It seems the media is finally taking note that a number of us in the last half of our lives (boy does that phrase make me feel old) enjoy life-long learning.
The front page of our local paper highlighted a man close to 90 who is graduating with his PhD. He says the young students like to joke with him about when is he going to stop being so lazy and finish school and get a job. This man had to leave high school to work and help support his family. During his married life, he started taking part-time courses and completed his Bachelor and Masters degrees.
Another paper had an extensive article about the number of seniors, many in nursing homes, who have embraced life-long learning. From the 91-year-old who has found she has a talent for painting, to the 60-year-old who is learning to use the computer to keep in touch with family by email and on Facebook – seniors everywhere are in learning mode.
I’m glad to see that the media is beginning to realize that just because a person gets older doesn’t mean he or she changes their interests. If I didn’t enjoy playing bingo or knitting before, I most certainly don’t want to start now! And not every older person has nothing on their minds except travelling. Even if they did, they might not have anything in their pockets to do it with.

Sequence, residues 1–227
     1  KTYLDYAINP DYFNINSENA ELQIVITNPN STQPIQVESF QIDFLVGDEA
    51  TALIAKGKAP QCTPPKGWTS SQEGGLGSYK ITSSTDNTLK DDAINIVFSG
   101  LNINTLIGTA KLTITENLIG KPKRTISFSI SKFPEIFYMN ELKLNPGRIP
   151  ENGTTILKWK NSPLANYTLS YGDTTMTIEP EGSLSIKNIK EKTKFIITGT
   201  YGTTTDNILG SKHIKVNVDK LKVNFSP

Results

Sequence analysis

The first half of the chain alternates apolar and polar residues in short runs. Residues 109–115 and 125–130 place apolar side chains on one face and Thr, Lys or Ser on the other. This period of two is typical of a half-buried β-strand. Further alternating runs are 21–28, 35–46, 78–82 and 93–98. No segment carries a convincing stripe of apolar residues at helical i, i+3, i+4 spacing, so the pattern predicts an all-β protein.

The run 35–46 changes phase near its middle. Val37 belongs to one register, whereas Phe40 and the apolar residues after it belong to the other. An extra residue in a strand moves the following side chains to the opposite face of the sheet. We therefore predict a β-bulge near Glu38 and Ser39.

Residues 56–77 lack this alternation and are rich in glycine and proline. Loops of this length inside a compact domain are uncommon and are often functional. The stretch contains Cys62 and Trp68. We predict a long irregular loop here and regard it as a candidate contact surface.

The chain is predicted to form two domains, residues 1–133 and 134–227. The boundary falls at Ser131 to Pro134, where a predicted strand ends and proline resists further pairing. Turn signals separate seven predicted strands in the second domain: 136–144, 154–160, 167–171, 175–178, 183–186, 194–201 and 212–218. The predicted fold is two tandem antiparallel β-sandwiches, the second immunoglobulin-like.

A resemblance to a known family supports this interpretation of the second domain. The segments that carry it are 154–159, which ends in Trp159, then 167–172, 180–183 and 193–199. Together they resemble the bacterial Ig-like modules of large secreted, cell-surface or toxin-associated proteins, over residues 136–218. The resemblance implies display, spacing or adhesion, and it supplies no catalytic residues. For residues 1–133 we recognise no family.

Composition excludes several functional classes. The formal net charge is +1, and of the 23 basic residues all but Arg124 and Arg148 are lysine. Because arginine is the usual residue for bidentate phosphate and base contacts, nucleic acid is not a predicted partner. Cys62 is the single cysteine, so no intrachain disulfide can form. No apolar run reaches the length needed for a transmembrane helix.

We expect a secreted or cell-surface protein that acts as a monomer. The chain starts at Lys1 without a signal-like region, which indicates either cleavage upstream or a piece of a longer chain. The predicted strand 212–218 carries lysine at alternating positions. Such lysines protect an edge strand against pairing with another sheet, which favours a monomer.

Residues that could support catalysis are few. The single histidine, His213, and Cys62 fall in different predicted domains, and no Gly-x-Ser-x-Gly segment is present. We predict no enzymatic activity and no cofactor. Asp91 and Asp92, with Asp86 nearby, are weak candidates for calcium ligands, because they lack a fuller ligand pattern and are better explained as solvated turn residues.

Learning doesn’t depend on how much time or money, or even health, you have. And no matter what your interests, there is always more to learn. For instance, you can never learn enough about how a woman’s mind works. Just when you think you know, she’ll decide to change it. As for a man’s mind, I wouldn’t know where to start learning about my husband’s!
Lest I get distracted here, wondering why my husband needs to leave a trail to show where he’s been, I encourage you to keep learning. Pick up a good book – even fiction can teach you something, especially historical fiction. Do a puzzle, play scrabble, learn the computer. Whatever gets your mind in gear – even if it’s watching the house across the street (I’ve come up with all kinds of story plots to explain their behavior).
Then let me know about your accomplishments, however small, and I’ll share them with the world. Whoever said old age was boring is still too young to enjoy it!